Deng Xiaoping: My Father

Deng Xiaoping: My Father

by Deng Maomao
     
 

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"Deng's daughter opens a long-shut door" (front page, New York Times). Written by Deng Xiaoping's daughter, this headline-making book is the first insider account of the post-revolutionary Chinese leadership."  See more details below

Overview

"Deng's daughter opens a long-shut door" (front page, New York Times). Written by Deng Xiaoping's daughter, this headline-making book is the first insider account of the post-revolutionary Chinese leadership."

Editorial Reviews

Publishers Weekly - Publisher's Weekly
Written by his youngest daughter (Deng Xiaoping has three daughters and two sons), this biography of the 90-year-old Chinese leader is worthwhile for the basic information it provides about his life from his birth in 1904 to the founding of Communist China in 1949 (the period from his 45th year to the present is only briefly summarized), but Western readers will grow impatient with Deng Maomao's adoring praise of a man she considers flawless. In prose that often reads as though written by a propaganda committee (one suspects that the sections on Party history were, judging by the abrupt changes in style), Deng Maomao applauds Deng Xiaoping's exemplary behavior as a child in Sichuan Province, his experiences in France in a work-study program, his contributions as editor of Red Star and political commissar during the anti-Japanese and civil wars of the 1930s and '40s. The names of Mao Zedong and Zhou Enlai are evoked often, but readers learn little that is new about them; and much of what is revealed about Deng Xiaoping himself is trivial (e.g., he enjoyed watching soccer matches in France and ``loved his children''). The essential speciousness of the book is clearest in the description of the Chinese Army's rape of Tibet as a peaceful liberation in which Tibetan culture was protected and respected. Photos. (Feb.)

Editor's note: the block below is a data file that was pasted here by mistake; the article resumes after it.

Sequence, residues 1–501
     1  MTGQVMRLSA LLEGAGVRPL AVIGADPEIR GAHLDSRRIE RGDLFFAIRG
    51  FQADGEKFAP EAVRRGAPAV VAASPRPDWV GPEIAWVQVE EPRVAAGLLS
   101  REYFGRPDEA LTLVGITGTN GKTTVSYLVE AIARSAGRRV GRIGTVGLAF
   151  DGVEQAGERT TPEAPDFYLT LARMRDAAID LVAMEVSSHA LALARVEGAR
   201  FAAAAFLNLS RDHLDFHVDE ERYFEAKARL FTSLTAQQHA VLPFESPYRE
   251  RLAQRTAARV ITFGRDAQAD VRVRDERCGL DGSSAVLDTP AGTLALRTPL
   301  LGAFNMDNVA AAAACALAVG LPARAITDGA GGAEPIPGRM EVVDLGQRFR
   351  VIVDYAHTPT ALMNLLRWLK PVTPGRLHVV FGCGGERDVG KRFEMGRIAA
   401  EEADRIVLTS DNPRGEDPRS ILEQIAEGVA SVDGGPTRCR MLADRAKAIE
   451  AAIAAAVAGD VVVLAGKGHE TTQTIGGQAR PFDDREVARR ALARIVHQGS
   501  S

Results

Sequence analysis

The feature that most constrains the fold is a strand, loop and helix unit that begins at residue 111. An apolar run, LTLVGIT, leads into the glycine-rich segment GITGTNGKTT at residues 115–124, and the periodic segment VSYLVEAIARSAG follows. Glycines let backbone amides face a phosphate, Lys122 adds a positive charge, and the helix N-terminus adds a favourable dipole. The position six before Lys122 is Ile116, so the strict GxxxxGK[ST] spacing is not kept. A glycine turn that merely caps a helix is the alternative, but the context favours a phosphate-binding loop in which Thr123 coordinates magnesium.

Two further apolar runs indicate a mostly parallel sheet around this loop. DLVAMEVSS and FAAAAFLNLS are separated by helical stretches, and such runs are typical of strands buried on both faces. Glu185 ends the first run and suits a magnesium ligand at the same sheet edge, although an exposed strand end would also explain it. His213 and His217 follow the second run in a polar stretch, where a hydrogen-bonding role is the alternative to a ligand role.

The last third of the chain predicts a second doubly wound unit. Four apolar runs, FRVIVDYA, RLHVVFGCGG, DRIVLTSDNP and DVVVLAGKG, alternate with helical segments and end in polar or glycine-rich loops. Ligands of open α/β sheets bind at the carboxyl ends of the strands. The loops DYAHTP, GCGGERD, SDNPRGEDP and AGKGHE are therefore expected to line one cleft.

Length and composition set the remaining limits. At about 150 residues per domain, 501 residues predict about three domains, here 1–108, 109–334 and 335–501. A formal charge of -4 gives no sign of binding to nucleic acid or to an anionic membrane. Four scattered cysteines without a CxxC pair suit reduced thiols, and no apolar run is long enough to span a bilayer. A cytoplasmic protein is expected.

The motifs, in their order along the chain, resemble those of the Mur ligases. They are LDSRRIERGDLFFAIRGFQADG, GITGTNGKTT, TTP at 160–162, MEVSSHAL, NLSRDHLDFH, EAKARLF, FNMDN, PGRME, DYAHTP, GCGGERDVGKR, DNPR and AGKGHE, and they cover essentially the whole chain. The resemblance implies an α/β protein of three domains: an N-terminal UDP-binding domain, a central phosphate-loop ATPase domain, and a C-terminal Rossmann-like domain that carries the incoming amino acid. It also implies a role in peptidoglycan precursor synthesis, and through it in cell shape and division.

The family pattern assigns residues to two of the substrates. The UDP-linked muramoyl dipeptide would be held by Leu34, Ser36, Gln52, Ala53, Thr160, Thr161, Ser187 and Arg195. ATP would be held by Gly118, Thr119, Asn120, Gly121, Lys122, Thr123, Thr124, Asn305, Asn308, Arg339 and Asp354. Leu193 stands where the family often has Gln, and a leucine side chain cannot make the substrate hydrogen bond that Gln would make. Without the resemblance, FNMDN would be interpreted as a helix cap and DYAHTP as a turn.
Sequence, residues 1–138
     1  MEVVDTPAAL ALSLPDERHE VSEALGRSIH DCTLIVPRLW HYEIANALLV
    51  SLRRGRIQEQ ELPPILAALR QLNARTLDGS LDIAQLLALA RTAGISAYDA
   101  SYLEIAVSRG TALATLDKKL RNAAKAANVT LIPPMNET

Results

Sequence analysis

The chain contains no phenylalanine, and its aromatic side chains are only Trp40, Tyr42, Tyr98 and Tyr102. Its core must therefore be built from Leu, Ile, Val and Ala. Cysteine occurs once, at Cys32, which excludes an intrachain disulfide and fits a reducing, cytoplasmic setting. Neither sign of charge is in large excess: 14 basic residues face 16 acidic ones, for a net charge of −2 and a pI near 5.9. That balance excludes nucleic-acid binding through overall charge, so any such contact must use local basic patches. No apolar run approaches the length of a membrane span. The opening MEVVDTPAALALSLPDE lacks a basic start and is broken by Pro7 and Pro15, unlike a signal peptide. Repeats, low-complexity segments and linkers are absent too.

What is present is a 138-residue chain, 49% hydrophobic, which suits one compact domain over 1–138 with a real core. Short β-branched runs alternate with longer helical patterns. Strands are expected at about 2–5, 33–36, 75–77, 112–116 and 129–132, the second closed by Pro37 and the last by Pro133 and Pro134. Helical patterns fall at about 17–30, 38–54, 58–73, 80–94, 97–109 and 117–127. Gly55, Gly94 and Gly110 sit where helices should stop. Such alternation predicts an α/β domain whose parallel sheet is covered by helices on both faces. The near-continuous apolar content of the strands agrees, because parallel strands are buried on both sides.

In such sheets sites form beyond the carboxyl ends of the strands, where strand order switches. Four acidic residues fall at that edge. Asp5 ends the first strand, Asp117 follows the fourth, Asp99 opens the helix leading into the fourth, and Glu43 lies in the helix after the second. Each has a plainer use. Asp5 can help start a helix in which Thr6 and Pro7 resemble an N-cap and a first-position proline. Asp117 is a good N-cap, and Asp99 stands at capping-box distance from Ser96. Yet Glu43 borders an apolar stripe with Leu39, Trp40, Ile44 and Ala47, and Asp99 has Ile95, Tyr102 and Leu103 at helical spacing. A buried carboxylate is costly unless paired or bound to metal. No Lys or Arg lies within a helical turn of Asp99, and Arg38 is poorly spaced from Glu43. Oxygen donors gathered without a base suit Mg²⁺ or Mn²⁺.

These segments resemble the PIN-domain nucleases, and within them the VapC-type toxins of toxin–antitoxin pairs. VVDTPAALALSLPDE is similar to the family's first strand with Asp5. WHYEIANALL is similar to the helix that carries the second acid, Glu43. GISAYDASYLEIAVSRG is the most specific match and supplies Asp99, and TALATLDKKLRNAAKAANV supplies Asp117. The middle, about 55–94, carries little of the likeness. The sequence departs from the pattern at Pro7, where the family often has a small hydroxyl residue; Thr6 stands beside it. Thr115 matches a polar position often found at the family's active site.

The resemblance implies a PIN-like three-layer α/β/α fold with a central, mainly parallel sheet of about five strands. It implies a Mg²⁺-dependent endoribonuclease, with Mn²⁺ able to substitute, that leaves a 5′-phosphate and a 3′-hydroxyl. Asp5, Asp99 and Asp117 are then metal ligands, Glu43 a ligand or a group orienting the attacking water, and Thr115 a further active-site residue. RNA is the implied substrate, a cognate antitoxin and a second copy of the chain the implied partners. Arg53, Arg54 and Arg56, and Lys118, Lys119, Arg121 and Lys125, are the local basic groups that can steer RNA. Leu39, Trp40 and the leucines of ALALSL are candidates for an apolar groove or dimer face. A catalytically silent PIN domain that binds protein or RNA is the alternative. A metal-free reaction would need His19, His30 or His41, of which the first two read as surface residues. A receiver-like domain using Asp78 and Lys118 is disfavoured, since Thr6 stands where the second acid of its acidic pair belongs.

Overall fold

Library Journal
Deng Xiaoping's daughter reflects on the forces that shaped her father. This is "less a biography than an elucidation of historical context." (LJ 1/95)
Mary Carroll
etired from his official posts in the People's Republic of China, Deng Xiaoping seems an enigmatic figure to most Westerners, less easily categorized than the more vivid Mao Zedong and Zhou Enlai. Publisher interest is high, however, with five studies of Deng's China since Harrison Salisbury's double biography of Mao and Deng, "The New Emperors" (1992). There are two obvious arguments "against" acquiring this volume: Deng Maomao, Party member, diplomat, and adviser to her now-retired father, is almost painfully respectful of his accomplishments; and the book covers only the first half of the Communist leader's life, from his birth in 1904 to the establishment of the People's Republic, the last 45 years of power to be covered in a second volume. Still, where interest in China and its leaders is strong, this inside story of the man who would in some ways change his nation as profoundly as Mao did will have considerable appeal. Deng Maomao's book clearly represents the approved "line" on China's past century and other biographers will no doubt tell a truer story of Deng's life, but his daughter's narrative will supply at least some of the details.

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Product Details

ISBN-13:
9781422353721
Publisher:
DIANE Publishing Company
Publication date:
07/28/2006
Pages:
498

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